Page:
Testing times for retail LBOs

A slump in consumer spending could test the staying power of private equity owners of retail companies in Europe. By Robert Venes.

Last week, credit ratings agency Fitch Ratings published a report, “European retail LBOs facing increasing pressure”, warning that a poor trading environment in Europe could impact negatively on highly-leveraged retailers.

Given that the report was published on the same day that Debenhams, one of the best-known recent retail LBOs in the UK, reported that it had doubled profits and exceeded £2 billion (€2.97 billion; $3.46 billion) in sales in the year to September 3, that warning had less impact.

In fact, a column in Monday’s Financial Times referred to the report’s “seemingly unfortunate timing”. However, as well as pointing out that the media frequently highlight the attention-grabbing success stories over the lesser-known under-performers, the FT did acknowledge that timing was a fundamental part of Fitch’s analysis – the dangers for buyout firms and their retail portfolio companies may seem distant now, but could sib appear a lot more real a little further down the line.

Talking to PEO, Pablo Mazzini, an associate director at Fitch’s leverage finance team in London, says that the issue is not just about Debenhams, or indeed the current trading environment: “Not all retail LBOs are doing badly, and Debenhams is probably a good example of one that is doing well, but given the highly leveraged structure of most of these companies, they may encounter difficulties in the next 12 to 18 months, especially in the UK, should trading remain tough or even get worse.”

Retail, says Mazzini, is a high fixed cost industry, where the level of head room to improve profitability is limited in times of a prolonged downturn or pricing pressure. For instance, retailers have to pay long-term leases and rates related to their stores as well as salaries and pension costs. As a result, a small swing in sales can seriously impact the bottom line.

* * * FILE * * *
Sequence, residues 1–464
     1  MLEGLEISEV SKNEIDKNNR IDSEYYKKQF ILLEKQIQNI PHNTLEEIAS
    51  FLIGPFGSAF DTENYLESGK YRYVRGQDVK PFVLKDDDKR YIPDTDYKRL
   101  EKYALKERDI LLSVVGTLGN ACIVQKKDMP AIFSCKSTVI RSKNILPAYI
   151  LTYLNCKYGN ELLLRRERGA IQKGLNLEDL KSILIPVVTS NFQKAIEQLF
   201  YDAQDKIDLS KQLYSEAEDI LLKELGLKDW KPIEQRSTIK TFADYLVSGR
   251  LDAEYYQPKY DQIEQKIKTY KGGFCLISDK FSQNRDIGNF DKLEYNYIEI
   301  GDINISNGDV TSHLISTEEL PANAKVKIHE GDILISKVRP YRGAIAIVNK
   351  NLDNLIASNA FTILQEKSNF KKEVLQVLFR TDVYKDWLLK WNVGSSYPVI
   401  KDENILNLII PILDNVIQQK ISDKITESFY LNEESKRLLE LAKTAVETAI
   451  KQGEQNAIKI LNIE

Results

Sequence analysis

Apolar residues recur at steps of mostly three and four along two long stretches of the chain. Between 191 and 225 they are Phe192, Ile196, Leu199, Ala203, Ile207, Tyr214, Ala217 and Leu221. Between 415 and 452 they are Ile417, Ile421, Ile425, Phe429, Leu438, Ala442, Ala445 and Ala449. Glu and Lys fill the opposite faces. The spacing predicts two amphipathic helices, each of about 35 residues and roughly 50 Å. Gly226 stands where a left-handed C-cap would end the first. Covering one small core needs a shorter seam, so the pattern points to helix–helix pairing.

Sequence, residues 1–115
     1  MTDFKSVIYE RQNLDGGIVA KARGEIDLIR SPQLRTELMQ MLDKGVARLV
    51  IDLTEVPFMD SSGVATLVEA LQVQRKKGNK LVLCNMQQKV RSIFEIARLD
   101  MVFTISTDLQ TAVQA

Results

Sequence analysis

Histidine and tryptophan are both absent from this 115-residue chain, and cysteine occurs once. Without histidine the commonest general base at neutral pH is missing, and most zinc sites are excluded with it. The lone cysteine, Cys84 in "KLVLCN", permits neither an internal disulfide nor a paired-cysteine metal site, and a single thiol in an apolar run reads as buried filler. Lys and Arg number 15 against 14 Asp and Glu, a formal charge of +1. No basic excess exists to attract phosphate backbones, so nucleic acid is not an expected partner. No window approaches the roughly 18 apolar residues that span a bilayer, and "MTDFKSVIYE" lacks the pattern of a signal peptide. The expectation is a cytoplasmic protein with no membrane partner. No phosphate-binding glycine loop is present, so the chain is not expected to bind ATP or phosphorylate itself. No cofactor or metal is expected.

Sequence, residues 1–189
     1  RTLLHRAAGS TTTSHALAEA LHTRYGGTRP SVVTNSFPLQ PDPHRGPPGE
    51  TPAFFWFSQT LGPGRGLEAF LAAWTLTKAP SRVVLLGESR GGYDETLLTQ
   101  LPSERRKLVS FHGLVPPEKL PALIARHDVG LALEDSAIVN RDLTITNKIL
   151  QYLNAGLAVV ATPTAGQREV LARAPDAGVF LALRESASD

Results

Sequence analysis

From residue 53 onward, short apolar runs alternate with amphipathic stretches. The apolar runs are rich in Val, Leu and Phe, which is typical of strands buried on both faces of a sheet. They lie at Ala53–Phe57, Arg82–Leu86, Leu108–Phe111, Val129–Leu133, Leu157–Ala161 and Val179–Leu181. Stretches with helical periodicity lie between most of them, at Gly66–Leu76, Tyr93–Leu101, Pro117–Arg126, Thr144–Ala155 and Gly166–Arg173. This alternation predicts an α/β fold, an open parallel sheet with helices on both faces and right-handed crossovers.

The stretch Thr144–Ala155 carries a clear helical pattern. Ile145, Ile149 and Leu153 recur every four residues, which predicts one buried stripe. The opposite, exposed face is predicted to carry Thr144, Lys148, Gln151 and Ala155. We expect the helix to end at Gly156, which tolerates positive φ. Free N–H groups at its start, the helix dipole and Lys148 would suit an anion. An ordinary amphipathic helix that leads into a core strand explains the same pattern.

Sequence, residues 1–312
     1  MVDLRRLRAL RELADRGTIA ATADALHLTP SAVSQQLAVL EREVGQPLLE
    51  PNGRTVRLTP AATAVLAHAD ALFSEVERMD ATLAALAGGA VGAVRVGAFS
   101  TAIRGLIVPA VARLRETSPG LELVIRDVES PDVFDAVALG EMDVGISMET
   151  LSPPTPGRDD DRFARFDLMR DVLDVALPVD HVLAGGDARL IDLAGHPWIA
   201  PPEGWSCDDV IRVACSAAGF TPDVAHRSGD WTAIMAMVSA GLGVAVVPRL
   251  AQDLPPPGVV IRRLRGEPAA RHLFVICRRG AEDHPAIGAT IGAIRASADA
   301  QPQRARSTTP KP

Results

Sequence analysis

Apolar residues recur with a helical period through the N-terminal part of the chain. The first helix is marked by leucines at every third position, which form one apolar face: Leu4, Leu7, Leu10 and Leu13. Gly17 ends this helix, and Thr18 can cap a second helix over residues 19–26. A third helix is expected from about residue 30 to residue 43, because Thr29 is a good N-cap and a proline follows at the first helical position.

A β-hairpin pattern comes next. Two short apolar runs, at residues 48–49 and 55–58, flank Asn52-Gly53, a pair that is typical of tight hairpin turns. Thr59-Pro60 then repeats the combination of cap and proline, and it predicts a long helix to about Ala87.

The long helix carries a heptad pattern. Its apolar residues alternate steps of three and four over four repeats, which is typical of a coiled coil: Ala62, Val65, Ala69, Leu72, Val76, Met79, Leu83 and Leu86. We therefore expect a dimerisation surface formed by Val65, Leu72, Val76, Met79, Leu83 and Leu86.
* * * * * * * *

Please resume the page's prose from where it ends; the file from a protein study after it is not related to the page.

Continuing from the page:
In addition, Mazzini suggests that gross margins could be impacted by the likely return to strength of the US dollar. “Financial sponsors have encouraged the sourcing of products abroad as it is much cheaper, and they have been successful as the US dollar was weak,” he says, noting that the dollar is generally used to pay for products sourced from Asia.

However, the main concern, says Fitch, is not how European buyout firms will respond when under pressure. Rather, it is how they will behave when they are already in the comfort zone but their portfolio companies despite facing tough conditions – that is to say, after a buyout firm has completed a refinancing and recovered its investment through a dividend repayment, as in the cases of Debenhams, New Look or Vivarte in France.

With less of a financial incentive to turn around the situation, Mazzini asks whether private equity firms will have the mettle to plough further resources and cash into a struggling business in a subdued trading environment.

“There are no liquidity issues currently for any retail LBOs, although some of them are more exposed to the current trough in sales,” says Mazzini. “However, when and if [a liquidity problem] arises, will private equity firms be able or willing to support these businesses, or walk away and leave [them] with no support if they have realised their investment through a dividend repayment?”

The answer will, in part, depend on how far away from its target return the private equity house will be post-dividend. Reputational issues will also play a role: letting a household name retailer slip into bankruptcy without staging a serious rescue operation first may well damage a sponsor’s standing in the market place.

For the time being, the prospect of a retail LBO meltdown remains hypothetical, but it is one that buyout firms, especially those that have cashed out through a refinancing, will have to consider if consumer sentiment should worsen going forward.